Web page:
The north-east of Japan has been hit by one of the largest earthquakes to hit the country for many years, which then triggered a tsunami that has caused important damage.(map, from bbcimg.co.uk)
The 8.9-magnitude earthquake struck about 250 miles (400km) from Tokyo, the capital, at a depth of 20 miles, and sparked fires in several areas, including Tokyo.
At least 60 people were reported dead, adding that the death toll could rise significantly.
Following the quake, Japanese television showed cars, ships and even buildings being swept away by a vast wall of water reaching far inland.
The tremor hit at 1446 local time (0546 GMT), and there have been powerful aftershocks.
Officials said that Japan’s Miyagi and Fukushima prefectures were hit strong waves, which damaged dozens of coastal communities. According to Kyodo news agency a 10-metre wave (33ft) struck the port of Sendai in Miyagi prefecture, where reports quote Japanese police as saying 200 to 300 bodies have been found.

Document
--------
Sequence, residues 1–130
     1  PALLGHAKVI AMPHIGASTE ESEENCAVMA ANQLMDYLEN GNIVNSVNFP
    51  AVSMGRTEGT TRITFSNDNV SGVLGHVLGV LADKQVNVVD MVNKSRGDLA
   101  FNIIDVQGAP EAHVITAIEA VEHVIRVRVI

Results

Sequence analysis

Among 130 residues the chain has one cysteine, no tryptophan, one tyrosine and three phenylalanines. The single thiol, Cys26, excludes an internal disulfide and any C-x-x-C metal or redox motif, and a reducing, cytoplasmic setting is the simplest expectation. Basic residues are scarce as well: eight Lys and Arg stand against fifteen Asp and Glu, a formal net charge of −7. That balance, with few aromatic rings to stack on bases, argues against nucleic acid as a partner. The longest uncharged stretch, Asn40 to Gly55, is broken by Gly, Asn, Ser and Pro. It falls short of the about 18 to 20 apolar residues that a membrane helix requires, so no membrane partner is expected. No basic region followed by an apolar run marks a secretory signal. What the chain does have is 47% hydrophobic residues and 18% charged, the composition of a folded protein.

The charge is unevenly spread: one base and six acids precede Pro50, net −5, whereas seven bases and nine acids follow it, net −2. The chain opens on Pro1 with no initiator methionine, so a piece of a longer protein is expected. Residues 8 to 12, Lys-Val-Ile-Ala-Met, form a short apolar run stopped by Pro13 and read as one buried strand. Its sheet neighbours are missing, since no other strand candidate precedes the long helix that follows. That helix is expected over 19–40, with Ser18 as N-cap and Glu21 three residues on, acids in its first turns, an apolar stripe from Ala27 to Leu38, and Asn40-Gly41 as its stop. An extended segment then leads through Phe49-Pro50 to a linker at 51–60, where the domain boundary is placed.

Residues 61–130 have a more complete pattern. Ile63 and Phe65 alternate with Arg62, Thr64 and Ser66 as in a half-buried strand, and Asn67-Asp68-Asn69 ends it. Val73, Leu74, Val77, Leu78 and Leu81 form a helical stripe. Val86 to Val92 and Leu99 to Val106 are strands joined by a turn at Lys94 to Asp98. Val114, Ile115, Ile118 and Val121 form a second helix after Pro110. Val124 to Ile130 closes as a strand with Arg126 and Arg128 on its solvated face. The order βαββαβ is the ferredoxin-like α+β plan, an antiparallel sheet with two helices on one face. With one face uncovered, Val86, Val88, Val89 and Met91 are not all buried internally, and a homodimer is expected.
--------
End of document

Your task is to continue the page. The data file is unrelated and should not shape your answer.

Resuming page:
A tsunami warning was extended across the Pacific, it includes the Philippines, Indonesia, Taiwan, Hawaii, the Pacific coast of Russia and North and South America.
In Geneva, the Red Cross warned that the waves could be higher than some Pacific islands, reported Reuters news agency.
Coastal areas in the Philippines, and other parts of the Pacific were evacuated ahead of the tsunami’s expected arrival.
The first waves have reached Hawaii, while New Zealand downgraded its alert to a marine threat, which means that strong and unusual currents were expected.
No radiation leaks
Some 20 people were injured in Tokyo after the roof of a hall collapsed on to a graduation ceremony, reports said.
And while aftershocks continued to hit, in the capital, residents and workers hurried outside of apartment buildings and office blocks in order to gathered in parks and open spaces.
Many people said they had never felt such a powerful earthquake.
Following the earthquake, bullet train services to northern Japan were halted, rapid transit in Tokyo was suspended, leaving many workers in the city centre.
Power outages were reported in about four million homes in and around Tokyo.
According to the UN’s nuclear agency four nuclear power plants had shut down safely.
Although a state of emergency has been declared at a nuclear power plant, prime minister Naoto Kan said there has been no radiation leaks.
In a televised address he expressed his sympathy to the victims of the disaster and added that an emergency response headquarters had been set up.